But Ian wasn’t allowed in with me for the insertion, a fact that made me uneasy - but there were about 10 other women waiting for the same procedure, all of us alone, waiting for hours, and there was comfort in the camaraderie of it.

12 hours later was 3am, and they told me they’d be expecting me then. I thought they were joking. They weren’t. But luckily Ian was allowed in with me this time. Contractions were irregular, but I was practicing my hypnobirthing and listening to positive affirmations, and felt genuinely calm and excited about all to come.
Labour

At 3am I was 4cm dilated and I was admitted to the birth centre. I took a picture of the birthing pool in excited anticipation of where my baby would be born (spoiler alert: baby wasn’t born there).

When they noticed meconium in my waters (baby’s first poo, and often a sign of distress), things changed quickly. I was speedily transferred to the labor ward, to a tiny room with a communal bathroom.

Guys, I broke down. I know it might sound ridiculous, but I had a huge cry. This was the limit. I was supposed to be having a low-risk, no-intervention and unmedicated birth with the comforts of home. Instead I was now high-risk in a sterile, unwelcoming environment. Contractions picked up, and I struggled to stay calm through them. I tried my up-breathing, but now tethered to the monitor with a cannula in my wrist, I couldn’t get a grip. I have a real phobia of hospitals and large needles. I had lost the will and the focus. I was now 6cm and begging for an epidural. ‘There’s no medal for putting up with this,’ I kept shouting. I was desperate to regain calm and control, and I’m so grateful for the epidural because it allowed me to get back in a good headspace.


The birth

 

There were concerns about baby’s heart rate throughout my labour, and doctors came in and out to assess. It was hardly the unobserved, private experience I’d been hoping for. But I should say that I didn’t feel violated. I was so grateful for the attention. When you’ve lost a baby, and you’re told the one you’re carrying is no longer low-risk, there is huge comfort in knowing you’re being looked after.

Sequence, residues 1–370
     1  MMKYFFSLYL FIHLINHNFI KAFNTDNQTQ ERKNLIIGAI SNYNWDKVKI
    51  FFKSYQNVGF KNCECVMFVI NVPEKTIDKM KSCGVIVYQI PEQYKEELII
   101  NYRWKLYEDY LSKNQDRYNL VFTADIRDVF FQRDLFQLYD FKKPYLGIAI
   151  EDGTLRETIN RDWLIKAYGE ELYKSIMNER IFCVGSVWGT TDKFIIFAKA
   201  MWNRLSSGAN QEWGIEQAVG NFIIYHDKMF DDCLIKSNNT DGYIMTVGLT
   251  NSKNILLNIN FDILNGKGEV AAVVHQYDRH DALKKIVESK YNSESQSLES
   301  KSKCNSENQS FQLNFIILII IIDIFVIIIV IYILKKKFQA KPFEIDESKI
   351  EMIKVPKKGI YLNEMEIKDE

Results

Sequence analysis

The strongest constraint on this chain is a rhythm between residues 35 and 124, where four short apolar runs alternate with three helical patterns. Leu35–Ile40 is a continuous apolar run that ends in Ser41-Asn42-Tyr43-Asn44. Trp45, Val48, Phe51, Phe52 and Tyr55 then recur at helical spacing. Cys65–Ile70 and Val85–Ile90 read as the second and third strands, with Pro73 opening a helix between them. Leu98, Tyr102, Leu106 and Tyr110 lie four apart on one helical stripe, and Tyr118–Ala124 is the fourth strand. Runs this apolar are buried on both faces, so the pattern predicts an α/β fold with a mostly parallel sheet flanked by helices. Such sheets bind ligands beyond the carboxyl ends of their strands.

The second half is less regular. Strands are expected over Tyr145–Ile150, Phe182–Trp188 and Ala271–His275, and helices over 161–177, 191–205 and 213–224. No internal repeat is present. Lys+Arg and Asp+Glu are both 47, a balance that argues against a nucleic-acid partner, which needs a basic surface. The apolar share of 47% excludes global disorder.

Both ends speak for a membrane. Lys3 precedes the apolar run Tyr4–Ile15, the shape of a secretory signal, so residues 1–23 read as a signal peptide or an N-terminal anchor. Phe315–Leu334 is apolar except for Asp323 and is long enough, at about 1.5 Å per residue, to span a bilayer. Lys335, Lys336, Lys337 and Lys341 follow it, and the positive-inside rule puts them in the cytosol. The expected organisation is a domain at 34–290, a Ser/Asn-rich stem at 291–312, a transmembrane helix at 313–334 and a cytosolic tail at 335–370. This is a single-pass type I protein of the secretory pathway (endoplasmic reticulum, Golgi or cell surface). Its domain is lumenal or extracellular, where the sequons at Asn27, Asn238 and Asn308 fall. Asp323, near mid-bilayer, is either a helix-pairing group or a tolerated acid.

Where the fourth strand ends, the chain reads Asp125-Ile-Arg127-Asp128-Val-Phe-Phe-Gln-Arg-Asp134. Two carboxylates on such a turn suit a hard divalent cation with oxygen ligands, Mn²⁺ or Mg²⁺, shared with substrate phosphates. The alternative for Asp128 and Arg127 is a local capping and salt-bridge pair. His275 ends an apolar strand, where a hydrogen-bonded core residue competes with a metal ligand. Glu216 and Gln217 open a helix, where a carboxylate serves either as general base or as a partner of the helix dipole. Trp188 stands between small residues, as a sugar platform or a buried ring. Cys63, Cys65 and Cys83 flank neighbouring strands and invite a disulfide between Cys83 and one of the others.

I begged to stand up to push, or to go on hands and knees or to squat - I knew I’d be having a big baby (just not how big!), and I wanted the help of gravity to get him out. But the monitor kept sliding around, so I was encouraged to go back onto my back. I was frustrated - another element of my pictured birth taken away from me, but worried enough to stay motivated and calm. Let’s get baby out!

Guys, pushing with an epidural is NO JOKE! Oh my gosh. Pushing without one, with Liba, was sweet relief. My body took over and knew just what to do. But I found it nearly impossible with an epidural as I was so numb. I just kept trying to visualise relaxing my pelvic floor, as I couldn’t feel a thing…and he started to come down.

And then, ever-so subtly, about 3 more midwives came into the room as well as a neonatology doctor. I panicked that a c-section was around the corner (did I mention my fear of hospitals and needles!). I later learned it was because the baby’s shoulders got stuck behind my pelvic bone - a really rare but dangerous complication known as shoulder dystocia (it affects 0.7% of vaginal births). I was asked to lay in what felt like a super undignified position, on my back with legs pushed out and up toward my chest. But they managed to free him, and out he came at 5.29pm after about 20 minutes of pushing in total.

The feeling of fear and relief when they put him on my chest. I couldn’t believe I’d actually done it. And I’d felt so well-supported, so well-looked after, that despite the list of things that ‘went wrong,’ I felt nothing but overwhelming relief. He was huge, covered in meconium, and silent. But then he let out a big cry, the meconium was wiped off, he was checked for any damage - he was totally fine. He started feeding straight away. He was really here! All 4.6kg of him! (the average baby is around 3kg - Liba had been 3.45).

 

After the birth

 

In the end, the only difference to birthing in a pandemic was that everyone was in masks. Ian wasn’t allowed in the postnatal ward, but the midwives let us stay together in the delivery room for nearly 6 hours. By the time Ian had to leave, I was so exhausted it almost didn’t matter.


We’re 5 weeks in to life with a newborn. I want to continue sharing my worries, anxieties and highs and lows with other parents like you - and create space for you to do the same. Having a baby is a shock to the system. It’s life-changing under the best of circumstances, but add in a global pandemic, and things feel even weirder and harder. We could all use a little extra love and support.



Are you expecting? How have you been handling pregnancy in a pandemic? Join the conversation in the comments and come join us in the Mamamates community on Facebook.